Similar to the compendium of the doll motif in k-pop, evident in pictorials, music videos, and concept photos I did a few weeks ago, I have compiled another in the same spirit, based around fairy tales, and by extension, Alice in Wonderland.
Although this particular theme is not used as much as that of the doll, it was frequent enough for me to take notice. As with the doll motif, this naturally begot the question of what exactly is the appeal of this theme for k-pop?
The question does not lend itself to a simple answer, and if anything has more variations and gradations than the doll. Here is not simply the singular ‘doll’, but a multitude of stories with different characters, each treated in a different way, some faithfully, and some changed to suit a purpose. Than of course there is the question of tone. In some, it is clear that they have taken a page from Disney, doing much more cutesy concepts, like Orange Caramel’s music video, “Aing!”. Conversely, others go the opposite way, making it much darker, like in the pictorial done by Brown Eyed Girls for CJ Premium TV Magazine Hello TV, where they portray different females from fairy tales, like Rapunzel. Hence, to trying to come to a conclusion, like with the doll motif, is a fool’s errand, as there is just simply too much that is incongruous from one to another, and thus each should be dealt with individually, rather than collectively.
Even without completely understanding the rationale behind the popularity of these subjects, there are a few interesting observations that can be gleaned from the evidence I compiled. Firstly, unlike the doll motif, where the majority of the sources I collected depicted only women, in this case a few males appear. It is necessary to make a distinction. Like the doll, which is a very gendered object, fairy tales here are treated in the same manner, retaining their strong female association, cultivated in an age of Disney princesses. Yet with Alice in Wonderland, there is evidence of it not only being used for female idols, but also males, like in the case of GD’s music video for “Butterfly”.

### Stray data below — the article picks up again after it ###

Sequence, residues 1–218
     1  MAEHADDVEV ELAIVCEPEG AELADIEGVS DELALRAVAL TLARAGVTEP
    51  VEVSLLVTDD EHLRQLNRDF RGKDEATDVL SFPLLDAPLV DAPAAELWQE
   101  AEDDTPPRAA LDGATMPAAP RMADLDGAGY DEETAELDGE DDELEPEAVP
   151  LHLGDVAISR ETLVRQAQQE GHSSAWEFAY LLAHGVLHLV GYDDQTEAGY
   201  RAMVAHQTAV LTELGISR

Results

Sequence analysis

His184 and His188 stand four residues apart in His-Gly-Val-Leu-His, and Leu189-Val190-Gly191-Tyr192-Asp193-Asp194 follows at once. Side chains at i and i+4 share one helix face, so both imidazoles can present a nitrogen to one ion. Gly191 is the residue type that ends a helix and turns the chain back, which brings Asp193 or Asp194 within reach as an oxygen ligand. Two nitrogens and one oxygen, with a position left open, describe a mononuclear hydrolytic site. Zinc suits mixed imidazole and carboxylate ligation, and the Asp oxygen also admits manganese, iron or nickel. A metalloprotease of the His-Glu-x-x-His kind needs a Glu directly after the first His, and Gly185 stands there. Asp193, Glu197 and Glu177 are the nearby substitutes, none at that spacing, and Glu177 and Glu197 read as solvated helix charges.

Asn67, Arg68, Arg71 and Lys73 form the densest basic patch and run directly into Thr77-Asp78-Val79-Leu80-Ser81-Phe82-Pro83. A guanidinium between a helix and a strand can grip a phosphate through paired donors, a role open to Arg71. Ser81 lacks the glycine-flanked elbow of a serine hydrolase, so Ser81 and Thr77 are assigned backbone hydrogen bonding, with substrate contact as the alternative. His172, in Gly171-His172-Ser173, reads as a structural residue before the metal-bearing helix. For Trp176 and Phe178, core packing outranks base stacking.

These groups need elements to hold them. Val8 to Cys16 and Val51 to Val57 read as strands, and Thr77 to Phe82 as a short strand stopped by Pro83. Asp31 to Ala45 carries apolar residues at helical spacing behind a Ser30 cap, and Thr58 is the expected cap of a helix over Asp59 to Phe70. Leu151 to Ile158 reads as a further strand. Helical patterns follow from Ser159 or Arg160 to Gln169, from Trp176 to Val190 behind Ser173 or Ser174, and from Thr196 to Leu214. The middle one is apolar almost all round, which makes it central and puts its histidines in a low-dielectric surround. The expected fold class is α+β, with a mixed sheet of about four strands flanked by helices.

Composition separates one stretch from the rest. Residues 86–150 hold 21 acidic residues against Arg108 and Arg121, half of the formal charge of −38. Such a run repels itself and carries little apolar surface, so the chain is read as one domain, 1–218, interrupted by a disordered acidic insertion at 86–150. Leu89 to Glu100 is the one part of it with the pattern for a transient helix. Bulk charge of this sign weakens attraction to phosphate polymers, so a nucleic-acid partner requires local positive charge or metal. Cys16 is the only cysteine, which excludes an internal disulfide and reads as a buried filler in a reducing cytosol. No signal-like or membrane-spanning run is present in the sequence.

Returning to my point about fairy tales being traditionally female, while this holds true for most of the evidence I found, there is also a certain deviation within it that bears mentioning. Although the fairy tales are only used for female idols, there is of course the problem of male characters. Instead of strictly adhering to the traditional ascribed gender of a character though, females take on male roles. For example, in SISTAR’s CF for Solar C, the fairy tales they enacted were those that required a male lead, yet instead of having an actual male do it, one of the members of SISTAR took on the role. Furthermore, the fact that it was someone from SISTAR, and not a male, within the role was not hidden, but emphasized, as the appearance of the member was not played down, and the girls all wore heels.
In addition to not adhering to traditional sexes of characters, there also is some fluidity in the proscribed gender roles of fairy tales. In fairy tales, women are generally placed in one of two roles, the pure maiden, who is often the victim, or the femme fatale, who seduces men to their destruction, and that isn’t what is being portrayed in these. There is little to no evidence to indicate that any of these women or in need of being rescued, or are the victim. Furthermore, there is little in the way of the femme fatale either, with the closest being the evil queen/witch in Davichi’s “Time Please Stop”, and only two even slightly reminiscent: Wonder Girl’s Yenny as the White Queen in the Alice in Wonderland shoot for Vogue, and SNSD’s Yoona in her concept photo for “The Boys”. Instead, it is much more ambiguous, a matter of interpretation, leaving it to the viewer to decide, if they fit in either role.